Violet Jiménez Sims: Thoughts on a Horrible Word

 Violet Jiménez Sims, recipient from 2008, writes about her experience at New Britain High School, where she teaches Spanish. Ms. Jimenez Sims earned bachelor’s and master’s degrees from the University of Connecticut and is a graduate of Connecticut’s Alternate Route to Certification. Posted January 20, 2012.

As I walk down the hall of an urban high school, I hear the N-word being thrown around more frequently than “please,” “thank you,” or even “hello.” Somehow I don’t cease to be amazed when even a white kid walks down the hall, passes one of the “cool” kids, and immediately tries to connect by exclaiming, “What up, my nigga!” I cringe at the sound of this foolishness. The African American students are not offended by this; after all, they are the first ones to run around using it as a show of affection.

This mental slavery that so many of our young people subject themselves to is an absolute disgrace to all the civil rights leaders who fought to eliminate injustice and the open degradation of people of color. The shackles are not physical, but yet their subliminal control is more powerful than a wrought iron ball and chain.

Supposedly, the N-word has changed in meaning. Many claim it is still used with both negative and so-called “positive” intention. The spelling change that is often claimed as significant is simply an ignorant cop-out. Have you even been in an urban environment? Urban vernacular commonly drops “er” endings without words losing their meaning: “motha” “fatha” “sista” “brotha.”

The word “nigger” was used by the “massa” to label slaves with an artificial ignorance that would justify why they traded them like cattle, and physically abused them in a way that would have PETA in an uproar if the same were done to a dog. It defines a lazy person with no self respect, no regard for family, ignorant, stupid, slow moving, who does not speak proper English. Even after so-called “freedom” and emancipation, the KKK used the term to identify those who would be hanged, castrated, or even burned alive.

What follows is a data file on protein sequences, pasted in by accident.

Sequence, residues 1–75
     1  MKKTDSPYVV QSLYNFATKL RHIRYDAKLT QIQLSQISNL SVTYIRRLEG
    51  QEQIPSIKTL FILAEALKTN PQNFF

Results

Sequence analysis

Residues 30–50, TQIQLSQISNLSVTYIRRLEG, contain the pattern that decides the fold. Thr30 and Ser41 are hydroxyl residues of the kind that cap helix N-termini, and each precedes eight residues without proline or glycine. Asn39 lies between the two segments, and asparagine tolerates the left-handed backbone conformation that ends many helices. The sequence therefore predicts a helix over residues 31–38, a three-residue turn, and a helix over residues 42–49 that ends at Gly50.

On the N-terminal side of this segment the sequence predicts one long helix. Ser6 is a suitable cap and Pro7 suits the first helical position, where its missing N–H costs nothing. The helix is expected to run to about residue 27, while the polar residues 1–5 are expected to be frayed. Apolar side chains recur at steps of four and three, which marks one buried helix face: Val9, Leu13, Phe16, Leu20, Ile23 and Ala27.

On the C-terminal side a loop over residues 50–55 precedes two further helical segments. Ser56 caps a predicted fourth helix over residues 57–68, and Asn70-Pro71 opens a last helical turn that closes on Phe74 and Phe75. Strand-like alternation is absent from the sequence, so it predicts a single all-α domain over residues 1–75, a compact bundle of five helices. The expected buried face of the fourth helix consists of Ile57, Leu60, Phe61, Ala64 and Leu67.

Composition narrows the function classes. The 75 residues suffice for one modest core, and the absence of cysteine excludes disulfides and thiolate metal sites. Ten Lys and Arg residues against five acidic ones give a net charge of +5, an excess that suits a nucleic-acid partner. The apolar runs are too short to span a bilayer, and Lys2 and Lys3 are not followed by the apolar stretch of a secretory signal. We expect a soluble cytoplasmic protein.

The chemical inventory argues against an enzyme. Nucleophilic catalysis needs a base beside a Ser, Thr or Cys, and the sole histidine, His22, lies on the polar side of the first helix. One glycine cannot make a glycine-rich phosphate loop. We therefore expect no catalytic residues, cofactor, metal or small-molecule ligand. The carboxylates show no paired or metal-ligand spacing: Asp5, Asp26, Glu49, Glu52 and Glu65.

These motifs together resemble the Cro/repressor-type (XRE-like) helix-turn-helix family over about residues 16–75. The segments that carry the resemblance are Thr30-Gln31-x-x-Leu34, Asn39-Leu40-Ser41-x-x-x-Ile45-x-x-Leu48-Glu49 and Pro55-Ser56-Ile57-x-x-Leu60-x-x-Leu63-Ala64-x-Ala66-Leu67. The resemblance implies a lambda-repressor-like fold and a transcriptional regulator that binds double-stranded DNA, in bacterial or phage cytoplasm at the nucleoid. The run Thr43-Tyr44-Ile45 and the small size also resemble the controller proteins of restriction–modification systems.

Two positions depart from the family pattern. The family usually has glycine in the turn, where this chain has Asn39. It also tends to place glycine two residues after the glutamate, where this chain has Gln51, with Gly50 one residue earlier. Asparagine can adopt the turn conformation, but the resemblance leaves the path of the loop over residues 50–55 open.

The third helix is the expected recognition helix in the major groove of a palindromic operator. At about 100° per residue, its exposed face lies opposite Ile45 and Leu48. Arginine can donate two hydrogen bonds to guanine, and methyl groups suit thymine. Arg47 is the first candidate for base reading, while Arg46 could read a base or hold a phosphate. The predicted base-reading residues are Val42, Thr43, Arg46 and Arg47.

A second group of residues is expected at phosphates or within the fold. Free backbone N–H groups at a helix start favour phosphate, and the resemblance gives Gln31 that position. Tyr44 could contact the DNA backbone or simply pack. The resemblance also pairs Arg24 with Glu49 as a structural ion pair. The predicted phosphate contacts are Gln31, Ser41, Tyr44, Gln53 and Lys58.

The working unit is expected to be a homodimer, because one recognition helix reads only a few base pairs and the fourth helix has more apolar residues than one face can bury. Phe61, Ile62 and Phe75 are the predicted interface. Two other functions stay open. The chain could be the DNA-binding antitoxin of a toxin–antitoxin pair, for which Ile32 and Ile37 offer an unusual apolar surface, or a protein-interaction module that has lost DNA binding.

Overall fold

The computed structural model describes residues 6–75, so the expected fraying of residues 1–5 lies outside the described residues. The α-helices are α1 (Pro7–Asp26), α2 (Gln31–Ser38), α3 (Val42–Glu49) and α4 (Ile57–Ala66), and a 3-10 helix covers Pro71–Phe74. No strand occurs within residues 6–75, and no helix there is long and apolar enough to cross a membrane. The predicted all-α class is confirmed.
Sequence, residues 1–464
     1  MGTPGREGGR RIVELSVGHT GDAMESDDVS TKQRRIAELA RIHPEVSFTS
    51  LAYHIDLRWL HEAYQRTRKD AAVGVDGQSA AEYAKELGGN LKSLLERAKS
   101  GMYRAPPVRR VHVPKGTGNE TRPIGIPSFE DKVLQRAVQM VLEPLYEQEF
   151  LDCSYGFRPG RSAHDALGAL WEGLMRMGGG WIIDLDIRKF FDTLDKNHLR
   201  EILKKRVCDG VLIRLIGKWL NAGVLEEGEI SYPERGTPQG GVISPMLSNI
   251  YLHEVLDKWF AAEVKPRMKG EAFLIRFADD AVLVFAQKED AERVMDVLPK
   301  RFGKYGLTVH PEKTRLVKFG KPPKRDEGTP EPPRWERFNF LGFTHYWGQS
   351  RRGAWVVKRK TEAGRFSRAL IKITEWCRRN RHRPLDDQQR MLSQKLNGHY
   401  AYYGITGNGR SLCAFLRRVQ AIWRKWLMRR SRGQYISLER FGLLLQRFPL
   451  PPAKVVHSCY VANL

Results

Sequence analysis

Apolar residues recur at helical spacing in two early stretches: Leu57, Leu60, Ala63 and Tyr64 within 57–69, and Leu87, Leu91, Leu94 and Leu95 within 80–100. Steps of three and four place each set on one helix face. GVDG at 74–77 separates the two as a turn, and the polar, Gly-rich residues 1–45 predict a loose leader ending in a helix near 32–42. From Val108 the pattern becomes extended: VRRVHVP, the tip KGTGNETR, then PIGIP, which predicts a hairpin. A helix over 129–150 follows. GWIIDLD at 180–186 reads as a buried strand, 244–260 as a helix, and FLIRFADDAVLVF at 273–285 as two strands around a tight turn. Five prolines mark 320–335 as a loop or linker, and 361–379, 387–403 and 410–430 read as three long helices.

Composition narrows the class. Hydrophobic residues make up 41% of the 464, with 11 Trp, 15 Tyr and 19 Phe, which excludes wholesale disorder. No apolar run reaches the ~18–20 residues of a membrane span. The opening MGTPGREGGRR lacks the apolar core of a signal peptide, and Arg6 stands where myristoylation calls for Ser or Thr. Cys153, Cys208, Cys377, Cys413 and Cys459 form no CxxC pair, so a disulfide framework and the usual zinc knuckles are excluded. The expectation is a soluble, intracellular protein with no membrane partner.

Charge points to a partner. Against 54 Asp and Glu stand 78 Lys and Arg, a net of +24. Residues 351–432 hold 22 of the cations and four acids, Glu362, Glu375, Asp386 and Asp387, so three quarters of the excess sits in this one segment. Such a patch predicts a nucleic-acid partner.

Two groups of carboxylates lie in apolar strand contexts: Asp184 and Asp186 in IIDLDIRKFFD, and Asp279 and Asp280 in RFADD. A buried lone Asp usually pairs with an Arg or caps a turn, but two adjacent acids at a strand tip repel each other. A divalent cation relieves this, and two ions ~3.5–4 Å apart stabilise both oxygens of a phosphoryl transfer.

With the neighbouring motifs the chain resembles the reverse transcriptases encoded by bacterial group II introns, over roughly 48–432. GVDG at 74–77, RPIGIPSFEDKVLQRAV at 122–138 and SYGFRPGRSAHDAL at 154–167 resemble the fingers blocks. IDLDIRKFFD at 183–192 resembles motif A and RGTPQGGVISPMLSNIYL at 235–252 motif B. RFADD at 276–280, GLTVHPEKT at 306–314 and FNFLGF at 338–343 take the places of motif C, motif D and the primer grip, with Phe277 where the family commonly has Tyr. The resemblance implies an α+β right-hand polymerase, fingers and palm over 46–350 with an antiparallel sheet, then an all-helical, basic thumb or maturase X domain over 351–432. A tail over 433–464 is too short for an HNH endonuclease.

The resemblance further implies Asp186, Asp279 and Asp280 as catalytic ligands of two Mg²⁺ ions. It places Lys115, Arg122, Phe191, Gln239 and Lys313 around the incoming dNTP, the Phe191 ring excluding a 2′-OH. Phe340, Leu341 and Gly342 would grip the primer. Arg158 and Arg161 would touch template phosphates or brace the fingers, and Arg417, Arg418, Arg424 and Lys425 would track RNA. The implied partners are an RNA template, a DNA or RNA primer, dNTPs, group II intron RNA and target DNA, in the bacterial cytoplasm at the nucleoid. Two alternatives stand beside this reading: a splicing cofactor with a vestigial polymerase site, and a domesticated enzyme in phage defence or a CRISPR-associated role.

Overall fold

Sadly, while most Americans can trace their lineage back for centuries and to their countries of origin, it is difficult for many African Americans to trace their lineage past a few generations. Family histories were lost due to the slave trade’s purposeful separation of parents from their children and siblings from each other. As a result, African Americans developed a more inclusive term, one that connects those who shared an unimaginable struggle, and was often heard in the uplifting discourse of civil rights leaders, “brother.”

So, why use what the oppressor developed rather than that of the people who sacrificed in unthinkable ways allowing us to have the opportunities and enjoy the freedoms we have today?

And if you think that history doesn’t apply to you because you’re Puerto Rican or Dominican, you are mistaken. Learn your history, because the slave trade on our precious islands began even before it did on the U.S. mainland, and its effects are still apparent today.

The change would be small, but its effects on camaraderie would be immense. Conveniently, brother and sister also happen to end in an “er” that is often replaced by an “a” in urban vernacular. So, all your favorite raps would still rhyme while you boost your morale by referring to each other with words that foster unity rather than ignorance. The invisible shackles must be broken and replaced by visible embraces. Instead of tripping each other we could actually hold each other up.

The N-word alone is not the problem. Inflated poverty rates, disproportionally low graduation rates, and unemployment rates are bigger problems.

But the frequent use and acceptance of the N-word by our own people is a daily reminder that, although we have overcome many things, many of us have lost sight of how far we have to go.

Saying this word and allowing others to say it is a sign that we have given up, or mistakenly believe the fight for equality is over.